4 Signs Your Team Is Engaged (and How To Increase Engagement)

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There I was at work: a team member said something that sounded like fearful gossip about another team (examples are in numbered headings below).

While fear-mongering and gossip does occur in the workplace, there’s a skill in correctly managing these interactions.

Sometimes, these are opportunities to discuss concerns that are or could be impacting project success.

Team leadership improves and organizational risk falls as team leaders learn to hear team member concerns, team members feel heard, and they begin working together to address the concerns (or determine they’re really fears or other things that don’t have direct impact on the operation).

Why Bother?

When we explore productive interactions around team member concerns:

  • We show that we take the concern seriously, and we strengthen relationships within the team.
  • We earn greater ownership and commitment from team members.
  • Team members begin to see their concerns as opportunities to improve risk and issue management, and they learn to escalate risks and issues more quickly.
  • Teams develop more of the skills of high performance teaming, and they address concerns when it matters most: early in the project life cycle.

4 Things Team Members Say That Show They’re Engaged And Committed (And How To Support Them)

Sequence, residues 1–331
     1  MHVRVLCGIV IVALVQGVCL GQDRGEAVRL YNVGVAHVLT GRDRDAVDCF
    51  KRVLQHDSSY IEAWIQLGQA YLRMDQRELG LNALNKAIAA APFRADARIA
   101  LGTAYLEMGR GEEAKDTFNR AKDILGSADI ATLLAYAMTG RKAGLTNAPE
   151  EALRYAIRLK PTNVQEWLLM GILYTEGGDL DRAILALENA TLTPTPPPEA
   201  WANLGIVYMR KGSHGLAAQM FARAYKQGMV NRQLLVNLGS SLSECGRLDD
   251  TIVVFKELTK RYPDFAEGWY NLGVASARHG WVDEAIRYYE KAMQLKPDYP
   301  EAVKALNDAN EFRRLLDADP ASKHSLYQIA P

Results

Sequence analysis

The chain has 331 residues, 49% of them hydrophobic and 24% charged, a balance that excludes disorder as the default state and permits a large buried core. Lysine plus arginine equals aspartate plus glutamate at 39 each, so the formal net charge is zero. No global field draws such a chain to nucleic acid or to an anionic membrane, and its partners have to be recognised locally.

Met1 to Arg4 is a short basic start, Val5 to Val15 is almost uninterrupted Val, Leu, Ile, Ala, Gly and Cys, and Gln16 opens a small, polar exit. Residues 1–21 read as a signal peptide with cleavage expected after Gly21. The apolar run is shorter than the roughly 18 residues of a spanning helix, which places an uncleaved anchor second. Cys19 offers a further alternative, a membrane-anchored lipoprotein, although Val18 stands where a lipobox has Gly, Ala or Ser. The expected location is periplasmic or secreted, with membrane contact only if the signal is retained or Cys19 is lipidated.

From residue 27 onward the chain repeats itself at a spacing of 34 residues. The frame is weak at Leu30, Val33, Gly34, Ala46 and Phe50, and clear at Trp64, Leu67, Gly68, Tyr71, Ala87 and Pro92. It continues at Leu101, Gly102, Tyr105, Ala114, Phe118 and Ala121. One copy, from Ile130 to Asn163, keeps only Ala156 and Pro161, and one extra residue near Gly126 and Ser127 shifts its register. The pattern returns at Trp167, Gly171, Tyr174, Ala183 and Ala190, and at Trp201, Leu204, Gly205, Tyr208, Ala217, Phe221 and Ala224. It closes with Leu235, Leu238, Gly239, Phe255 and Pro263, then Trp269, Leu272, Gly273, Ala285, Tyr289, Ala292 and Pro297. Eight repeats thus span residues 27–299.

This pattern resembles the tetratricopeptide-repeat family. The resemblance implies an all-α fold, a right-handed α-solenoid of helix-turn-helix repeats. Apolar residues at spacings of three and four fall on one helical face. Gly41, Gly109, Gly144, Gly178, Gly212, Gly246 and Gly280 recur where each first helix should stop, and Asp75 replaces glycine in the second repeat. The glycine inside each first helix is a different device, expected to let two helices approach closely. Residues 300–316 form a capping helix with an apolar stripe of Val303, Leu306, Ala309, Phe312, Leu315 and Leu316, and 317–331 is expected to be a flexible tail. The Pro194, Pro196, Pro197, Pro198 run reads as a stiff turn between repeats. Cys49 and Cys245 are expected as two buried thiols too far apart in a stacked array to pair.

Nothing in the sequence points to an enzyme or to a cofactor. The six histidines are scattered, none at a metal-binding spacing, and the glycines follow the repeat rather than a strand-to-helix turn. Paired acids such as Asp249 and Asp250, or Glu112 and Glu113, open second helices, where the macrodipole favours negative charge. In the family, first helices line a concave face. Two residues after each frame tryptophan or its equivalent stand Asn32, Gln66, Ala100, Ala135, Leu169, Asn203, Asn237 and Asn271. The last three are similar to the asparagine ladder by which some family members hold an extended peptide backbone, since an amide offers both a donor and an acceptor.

1. I’m Afraid We May Not Be Able To Meet Our Schedule

Work with the team to quickly check requirements, estimates, and schedule. Reach an understanding about whether their view is correct. In my experience, teams who voluntarily raise this concern are usually in good shape. Contrast this with teams who have been put in no-win situations. The same goes for teams in organizations where trust and teaming are low. In these situations, limited communications, secret-keeping, and passive-aggressive behavior are more likely.

Take appropriate mitigating action.

2. We’re Afraid It May Be Impossible To Do What We’ve Committed To Do

Like the above example, this is commonly a team that is uncertain about what else to do. With a little brainstorming and a few more days, I have never seen a team in this place fail. Of course, these were teams that had previously made the commitment about the scope of their work. Like the above example, if the team was handed this obligation and had no opportunity to take part in product definition and design early in the project, the communication pattern might be different, or nonexistent.

3. We Think Another Team May Not Know What They Need To Know


4. We Think Another Team May Not Be Doing What They Need To Be Doing

Early in my career, I took this as gossip or fear-mongering, and I took no action. This was a mistake. Now, I invite key members of each team to a quick chat to discuss overall progress, requirements, and design. In my experience, both teams are usually on track, and both teams learn something that enables them to improve performance. As an added bonus, the teams now have a shared conduit directly to one another, and they’ll usually collaborate going forward. Initially, I found it odd that teams sometimes need an introduction to one another in this format. This made more sense when I considered that many people appreciate an invitation. They don’t want to have to show up to an event or conversation cold and uninvited.


What communications have you seen or heard, that might be easy to dismiss, and are actually opportunities to strengthen relationships and collaboration on your team?

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